Thirteen states paid for 11th-grade students in all public high schools to take the ACT college admission test this year, with several more planning to join them in 2015.

    August 20, 2014

  • Pets.jpg Why do people look like their pets?

    As much as we might quibble over the virtues and vices of Canis domesticus, however, and over whether human nature is any better or worse than dog nature, even dog fanciers don't usually want to look like a dog.

    August 20, 2014 1 Photo

  • Ice bucket challenge trending up

    Internet trends are a dime a dozen these days. Everything from Tebowing to planking to the cinnamon challenge can cause a wave of social media activity that can last for weeks before fizzling out.

    August 19, 2014

  • Africa goes medieval in its fight against Ebola

    As the Ebola epidemic claims new victims at an ever-increasing rate, African governments in Sierra Leone, Guinea and Liberia have instituted a "cordon sanitaire," deploying troops to forcibly isolate the inhabitants in an area containing most of the cases.

    August 18, 2014

  • Democrat? Republican? There's an app for that

    If you're a Republican, you might want to think twice before buying Lipton Iced Tea, and forget about Starbucks coffee. If you're a Democrat, put down that Reese's Peanut Butter Cup, and throw away the cylinder of Quaker Oats in your pantry.

    August 18, 2014

  • Five myths about presidential vacations

    In the nuclear age, presidents may have only minutes to make a decision that could affect the entire world. They don't so much leave the White House as they take a miniature version of it with them wherever they go.

    August 15, 2014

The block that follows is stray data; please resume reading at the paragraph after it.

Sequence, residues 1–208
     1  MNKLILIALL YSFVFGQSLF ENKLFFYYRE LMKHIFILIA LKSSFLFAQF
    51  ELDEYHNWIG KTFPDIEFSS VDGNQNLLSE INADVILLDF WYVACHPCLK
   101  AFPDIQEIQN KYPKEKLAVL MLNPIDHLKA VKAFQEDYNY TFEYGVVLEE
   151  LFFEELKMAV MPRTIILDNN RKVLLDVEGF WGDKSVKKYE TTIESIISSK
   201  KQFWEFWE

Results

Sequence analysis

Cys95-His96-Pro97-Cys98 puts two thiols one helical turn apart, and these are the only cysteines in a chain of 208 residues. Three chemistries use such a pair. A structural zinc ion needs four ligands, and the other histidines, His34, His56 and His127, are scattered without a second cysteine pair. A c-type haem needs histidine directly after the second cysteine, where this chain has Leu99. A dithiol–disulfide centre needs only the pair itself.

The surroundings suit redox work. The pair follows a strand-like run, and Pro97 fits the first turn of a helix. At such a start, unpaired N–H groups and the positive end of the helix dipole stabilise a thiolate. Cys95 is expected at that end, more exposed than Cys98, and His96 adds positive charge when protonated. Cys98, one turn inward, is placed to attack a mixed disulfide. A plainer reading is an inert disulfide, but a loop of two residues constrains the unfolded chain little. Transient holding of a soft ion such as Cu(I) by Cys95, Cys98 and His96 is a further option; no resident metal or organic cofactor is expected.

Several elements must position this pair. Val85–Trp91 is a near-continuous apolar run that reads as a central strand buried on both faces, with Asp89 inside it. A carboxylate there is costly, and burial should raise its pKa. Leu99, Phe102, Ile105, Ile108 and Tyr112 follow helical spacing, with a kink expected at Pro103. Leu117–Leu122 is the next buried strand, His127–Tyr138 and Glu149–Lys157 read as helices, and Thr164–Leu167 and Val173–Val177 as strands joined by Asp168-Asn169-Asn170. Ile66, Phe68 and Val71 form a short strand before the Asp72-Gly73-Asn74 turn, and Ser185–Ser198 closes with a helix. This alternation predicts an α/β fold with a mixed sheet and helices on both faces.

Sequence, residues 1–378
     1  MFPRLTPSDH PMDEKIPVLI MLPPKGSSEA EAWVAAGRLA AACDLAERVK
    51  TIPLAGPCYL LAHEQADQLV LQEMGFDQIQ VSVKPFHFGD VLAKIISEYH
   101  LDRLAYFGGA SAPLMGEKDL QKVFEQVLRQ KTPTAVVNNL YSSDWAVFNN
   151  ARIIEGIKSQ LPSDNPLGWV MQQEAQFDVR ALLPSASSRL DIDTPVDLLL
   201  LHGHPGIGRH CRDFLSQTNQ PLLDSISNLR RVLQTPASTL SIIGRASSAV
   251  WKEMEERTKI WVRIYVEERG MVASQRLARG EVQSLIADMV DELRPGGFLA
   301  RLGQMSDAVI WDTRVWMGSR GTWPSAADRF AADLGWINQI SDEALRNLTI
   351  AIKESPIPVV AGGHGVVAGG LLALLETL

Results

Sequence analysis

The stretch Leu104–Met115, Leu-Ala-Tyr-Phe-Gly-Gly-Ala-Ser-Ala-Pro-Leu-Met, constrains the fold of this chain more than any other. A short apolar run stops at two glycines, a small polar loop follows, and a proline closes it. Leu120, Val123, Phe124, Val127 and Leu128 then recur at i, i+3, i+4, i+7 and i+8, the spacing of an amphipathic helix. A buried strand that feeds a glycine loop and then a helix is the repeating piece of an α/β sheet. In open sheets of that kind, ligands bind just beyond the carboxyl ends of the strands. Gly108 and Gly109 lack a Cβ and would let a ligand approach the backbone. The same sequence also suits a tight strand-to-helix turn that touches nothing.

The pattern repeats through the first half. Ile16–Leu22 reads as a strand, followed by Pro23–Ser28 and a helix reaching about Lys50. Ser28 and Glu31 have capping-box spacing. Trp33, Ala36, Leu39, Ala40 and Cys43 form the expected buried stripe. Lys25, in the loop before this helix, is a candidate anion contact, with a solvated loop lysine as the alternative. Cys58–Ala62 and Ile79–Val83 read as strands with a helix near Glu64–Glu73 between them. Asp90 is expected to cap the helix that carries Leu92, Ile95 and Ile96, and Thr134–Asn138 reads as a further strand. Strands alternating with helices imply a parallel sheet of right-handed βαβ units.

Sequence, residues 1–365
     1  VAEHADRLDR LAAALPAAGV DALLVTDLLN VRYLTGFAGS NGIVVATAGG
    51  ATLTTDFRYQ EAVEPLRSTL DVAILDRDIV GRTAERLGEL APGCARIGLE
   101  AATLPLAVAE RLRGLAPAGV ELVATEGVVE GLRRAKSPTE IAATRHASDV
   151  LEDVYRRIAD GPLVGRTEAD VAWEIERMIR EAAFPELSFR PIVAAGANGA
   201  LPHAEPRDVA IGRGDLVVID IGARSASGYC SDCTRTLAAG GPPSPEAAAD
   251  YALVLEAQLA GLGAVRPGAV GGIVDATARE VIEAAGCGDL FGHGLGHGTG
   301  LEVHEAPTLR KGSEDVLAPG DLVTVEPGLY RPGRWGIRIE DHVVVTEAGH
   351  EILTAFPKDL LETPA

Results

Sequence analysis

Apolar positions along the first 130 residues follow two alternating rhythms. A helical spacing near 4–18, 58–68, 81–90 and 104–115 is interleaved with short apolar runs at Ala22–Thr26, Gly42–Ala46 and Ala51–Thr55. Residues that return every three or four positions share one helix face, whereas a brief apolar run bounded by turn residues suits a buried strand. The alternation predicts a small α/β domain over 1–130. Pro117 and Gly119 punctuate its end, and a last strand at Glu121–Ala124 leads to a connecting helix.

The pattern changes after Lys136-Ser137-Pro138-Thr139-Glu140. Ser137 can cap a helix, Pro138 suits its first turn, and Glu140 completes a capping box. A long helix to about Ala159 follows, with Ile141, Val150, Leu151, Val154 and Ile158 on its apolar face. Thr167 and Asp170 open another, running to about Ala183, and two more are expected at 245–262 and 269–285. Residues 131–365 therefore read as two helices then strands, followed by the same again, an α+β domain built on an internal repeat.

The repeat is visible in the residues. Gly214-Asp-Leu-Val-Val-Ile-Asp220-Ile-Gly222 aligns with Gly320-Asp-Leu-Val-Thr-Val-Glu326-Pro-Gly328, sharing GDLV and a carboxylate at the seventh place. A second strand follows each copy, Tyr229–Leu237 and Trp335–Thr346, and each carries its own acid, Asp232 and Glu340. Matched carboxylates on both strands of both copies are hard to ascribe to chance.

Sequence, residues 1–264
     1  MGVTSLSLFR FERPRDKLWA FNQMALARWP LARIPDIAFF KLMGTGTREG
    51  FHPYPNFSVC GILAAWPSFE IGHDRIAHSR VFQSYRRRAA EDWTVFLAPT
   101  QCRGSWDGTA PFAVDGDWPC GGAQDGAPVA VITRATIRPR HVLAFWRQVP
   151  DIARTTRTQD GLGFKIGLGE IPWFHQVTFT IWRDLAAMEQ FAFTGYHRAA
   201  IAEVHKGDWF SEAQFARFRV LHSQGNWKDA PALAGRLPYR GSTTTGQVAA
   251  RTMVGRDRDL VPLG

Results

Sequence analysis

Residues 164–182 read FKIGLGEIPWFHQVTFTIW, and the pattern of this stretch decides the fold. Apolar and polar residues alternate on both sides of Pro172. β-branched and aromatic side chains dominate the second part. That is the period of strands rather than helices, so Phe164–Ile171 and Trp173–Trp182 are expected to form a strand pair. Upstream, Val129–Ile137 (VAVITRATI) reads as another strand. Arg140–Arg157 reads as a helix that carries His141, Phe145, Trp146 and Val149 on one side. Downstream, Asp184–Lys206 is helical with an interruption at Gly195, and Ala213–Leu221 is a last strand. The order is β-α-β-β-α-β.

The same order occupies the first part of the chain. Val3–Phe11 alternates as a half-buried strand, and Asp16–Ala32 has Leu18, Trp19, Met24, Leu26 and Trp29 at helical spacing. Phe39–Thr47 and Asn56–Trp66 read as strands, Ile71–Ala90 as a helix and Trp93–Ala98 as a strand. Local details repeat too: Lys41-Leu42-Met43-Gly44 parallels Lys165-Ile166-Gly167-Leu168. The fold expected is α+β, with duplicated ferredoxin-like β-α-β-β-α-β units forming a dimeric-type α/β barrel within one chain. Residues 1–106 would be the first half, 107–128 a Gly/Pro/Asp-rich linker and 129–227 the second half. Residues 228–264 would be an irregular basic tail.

Parade
Magazine

Click HERE to read all your Parade favorites including Hollywood Wire, Celebrity interviews and photo galleries, Food recipes and cooking tips, Games and lots more.
AP Video
Okla. Policeman Accused of Sex Assaults on Duty Raw: Egypt Bus Crash Kills at Least 33 Two Bodies Found in Adjacent Yards Dominican Republic Bans Miley Cyrus Concert Raw: Israeli Air Strike in Gaza Raw: Rescue Efforts Suspended at Japan Landslide Raw: Bodies of MH17 Victims Arrive in Malaysia Raw: Smaller Marches in Ferguson Marathon Suspect's Friend Pleads Guilty Attorney: Utah Eatery Had Other Chemical Burn Farm Resurgence Grows With Younger Crowd Microbrewery Chooses Special Can for Its Beer Ky. Firefighters Hurt in Ice Bucket Challenge Federal Investigation Will Look at Use of Force Community Deals With Michael Brown Aftermath US: We Do Not Pay Ransom to Terrorists Ferguson Teachers Training to Deal With Trauma Jon Hamm on the Unrest in Ferguson Tit for Tat? McDonald's Shuttered in Moscow Life on the Professional Video Game Circuit
Poll

Three Goshen elementary schools — Chandler, Chamberlain and West Goshen — are providing free meals to all students during the school year as part of the U.S. Department of Agriculture’s Community Eligibility Provision of the Healthy Hunger-Free Kids Act of 2010. Nearly 80 percent of students at Chandler, 89 percent of students at Chamberlain and 78 percent of students at West Goshen already qualify for free or reduced-price lunches based on their family income. How do you feel about the new lunch program?

I think it’s a good idea to feed all the students free of charge
I think those who can afford it should pay for their school meals
I think all students should be required to pay for their school meals
     View Results